Our expert local solicitors at MG Legal discuss The Guardianship (Missing Persons) Act 2017 and the powers it gives to a guardian.
Posted on 16th June 2021
Our expert local solicitors near you discuss Claudia’s Law and the powers that it gives to Guardians in the case of a missing person.
At MG Legal, we are all too aware of the difficulties that people face trying to deal with their loved one’s affairs when their loved one is still living and has capacity, but just wants to delegate their tasks for ease. However, the struggle is worse when the loved one has lost capacity, and needs someone to take over their affairs, even when that person has been informally assisting them for months or years. This is where Lasting Powers of Attorney or Deputyship Applications come in. You can read more about Lasting Powers of Attorney,
However, what is the process when a person has gone missing? Our expert local solicitors near you explain below.
What is the Guardianship (Missing Persons) Act 2017?
Unofficially known as Claudia’s Law, the Guardianship (Missing Persons) Act 2017, came into force on 31 st July 2019. Named after 35-year-old Claudia Lawrence, a chef in York who went missing in 2009, the law allows those whose relatives have gone missing to apply to manage their affairs sooner than the previously statute-set 7 years.
The change was driven by Claudia’s father, Peter Lawrence OBE, MP Kevin Hollinrake and the charity, Missing People, as before this managing the affairs of a loved one before 7 years were up was causing great emotional stress and burden to their families. Such stressors could include insolvency applications, mortgage repossessions and creditors chasing for payment of the person’s usual bills.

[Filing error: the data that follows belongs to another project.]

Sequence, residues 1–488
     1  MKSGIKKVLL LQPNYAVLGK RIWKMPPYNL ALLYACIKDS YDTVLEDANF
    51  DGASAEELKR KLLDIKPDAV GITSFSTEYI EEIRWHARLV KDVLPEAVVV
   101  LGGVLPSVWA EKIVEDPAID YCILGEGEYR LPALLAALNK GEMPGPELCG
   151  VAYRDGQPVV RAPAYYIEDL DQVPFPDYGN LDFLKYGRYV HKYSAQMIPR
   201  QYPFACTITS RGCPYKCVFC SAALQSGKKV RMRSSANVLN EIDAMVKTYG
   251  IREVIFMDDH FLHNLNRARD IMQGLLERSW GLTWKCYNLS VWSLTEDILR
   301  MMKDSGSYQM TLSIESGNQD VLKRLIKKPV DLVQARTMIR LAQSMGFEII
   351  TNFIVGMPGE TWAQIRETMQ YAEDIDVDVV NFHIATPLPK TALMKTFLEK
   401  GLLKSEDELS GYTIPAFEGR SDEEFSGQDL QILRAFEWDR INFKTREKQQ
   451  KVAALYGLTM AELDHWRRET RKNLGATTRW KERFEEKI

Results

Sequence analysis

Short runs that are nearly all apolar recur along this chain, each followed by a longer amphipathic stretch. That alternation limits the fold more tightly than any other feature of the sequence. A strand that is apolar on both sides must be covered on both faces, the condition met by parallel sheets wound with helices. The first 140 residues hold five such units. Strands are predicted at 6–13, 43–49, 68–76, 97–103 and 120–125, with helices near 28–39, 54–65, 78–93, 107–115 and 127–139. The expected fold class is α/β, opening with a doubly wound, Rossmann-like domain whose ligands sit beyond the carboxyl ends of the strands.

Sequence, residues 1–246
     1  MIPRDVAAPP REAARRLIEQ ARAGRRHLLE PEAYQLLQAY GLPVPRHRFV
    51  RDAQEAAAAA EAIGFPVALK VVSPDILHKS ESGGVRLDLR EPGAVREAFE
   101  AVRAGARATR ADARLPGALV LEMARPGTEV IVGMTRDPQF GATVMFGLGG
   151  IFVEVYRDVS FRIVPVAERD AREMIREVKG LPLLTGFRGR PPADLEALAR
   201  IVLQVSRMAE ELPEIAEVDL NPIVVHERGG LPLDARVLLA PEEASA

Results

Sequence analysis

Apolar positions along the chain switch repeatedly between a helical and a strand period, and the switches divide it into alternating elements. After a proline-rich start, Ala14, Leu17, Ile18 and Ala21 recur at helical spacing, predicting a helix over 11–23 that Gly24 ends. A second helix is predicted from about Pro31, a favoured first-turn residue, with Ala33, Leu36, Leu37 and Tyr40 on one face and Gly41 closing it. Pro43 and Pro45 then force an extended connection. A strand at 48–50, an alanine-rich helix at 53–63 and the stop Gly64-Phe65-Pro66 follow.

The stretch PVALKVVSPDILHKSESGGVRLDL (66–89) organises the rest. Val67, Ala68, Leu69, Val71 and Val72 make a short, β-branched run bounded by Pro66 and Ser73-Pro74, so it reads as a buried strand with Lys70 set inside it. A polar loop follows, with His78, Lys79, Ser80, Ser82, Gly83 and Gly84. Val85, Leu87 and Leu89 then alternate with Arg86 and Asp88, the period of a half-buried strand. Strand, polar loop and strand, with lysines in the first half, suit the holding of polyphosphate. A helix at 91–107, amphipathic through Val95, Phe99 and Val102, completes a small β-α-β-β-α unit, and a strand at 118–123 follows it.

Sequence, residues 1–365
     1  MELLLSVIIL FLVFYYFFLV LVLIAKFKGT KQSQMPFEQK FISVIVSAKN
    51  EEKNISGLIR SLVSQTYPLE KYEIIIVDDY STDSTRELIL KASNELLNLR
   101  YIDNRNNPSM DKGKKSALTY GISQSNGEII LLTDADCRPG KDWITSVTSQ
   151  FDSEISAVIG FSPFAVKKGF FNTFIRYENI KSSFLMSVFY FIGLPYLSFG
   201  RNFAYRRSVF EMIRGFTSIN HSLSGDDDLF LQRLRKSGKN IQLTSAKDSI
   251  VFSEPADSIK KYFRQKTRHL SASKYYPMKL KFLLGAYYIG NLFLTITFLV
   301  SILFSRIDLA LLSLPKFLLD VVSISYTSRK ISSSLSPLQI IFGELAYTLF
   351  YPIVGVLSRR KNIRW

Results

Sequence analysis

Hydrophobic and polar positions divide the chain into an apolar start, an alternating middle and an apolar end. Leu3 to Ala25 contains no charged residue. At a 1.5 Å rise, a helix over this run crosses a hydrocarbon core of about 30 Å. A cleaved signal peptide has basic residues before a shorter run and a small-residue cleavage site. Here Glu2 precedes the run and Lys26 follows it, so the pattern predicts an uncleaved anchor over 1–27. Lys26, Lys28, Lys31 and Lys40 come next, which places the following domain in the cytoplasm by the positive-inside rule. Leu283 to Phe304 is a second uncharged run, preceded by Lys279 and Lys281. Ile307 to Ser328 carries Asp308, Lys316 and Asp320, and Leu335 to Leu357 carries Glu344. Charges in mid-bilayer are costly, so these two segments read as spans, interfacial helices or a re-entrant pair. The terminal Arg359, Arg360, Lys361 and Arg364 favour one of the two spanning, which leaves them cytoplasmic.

What changes were introduced by the Guardianship (Missing Persons) Act 2017?
Under Claudia’s Law, if a person is missing for 90 days or more, a guardian can be appointed to manage their financial affairs, including:
Contacting the missing person’s bank and stopping the account
Payment of outstanding bills
Manage the person’s outgoings for their family (i.e. if they were supporting children)
Enter into deeds on behalf of the missing person
Generally, with agreement from the Office of the Public Guardian, the guardian can continue to manage the person’s affairs for a further 4 years, or sometimes longer. The application must be made to the Chancery or Family division of the High Court, and there must be sufficient supporting evidence supplied for the Court to grant the application.
What are the potential issues with Claudia’s Law?
Some common issues that people may raise include whether the person would have wanted that specific guardian to take over the management of their affairs, whether they would have been happy with how the guardian was managing their affairs and whether 90 days is long enough to wait until action is taken?
The law goes a long way to address such concerns, with the Court assessing many factors before agreeing to make such an Order, including the relationship between the applicant and the missing person, the potential guardian’s suitability and potential conflicts between the missing person and the potential guardian.
The Court also has the power to revoke any Order they may without another application being made, such as if they believe that it’s no longer in the person’s best interests for the Order to remain in place.
Can MG Legal, Solicitors near me, help?
Our team are always on hand to provide advice and assistance wherever we can to help you manage your loved one's affairs. Claudia’s Law applications are rare currently.
However, if you need to discuss Lasting Powers of Attorney or Deputyship Applications, our team are on hand to help. Our team would always advise that if you own a property, have your own bank account or assets in your sole name, you should consider whether you need a Lasting Power of Attorney.
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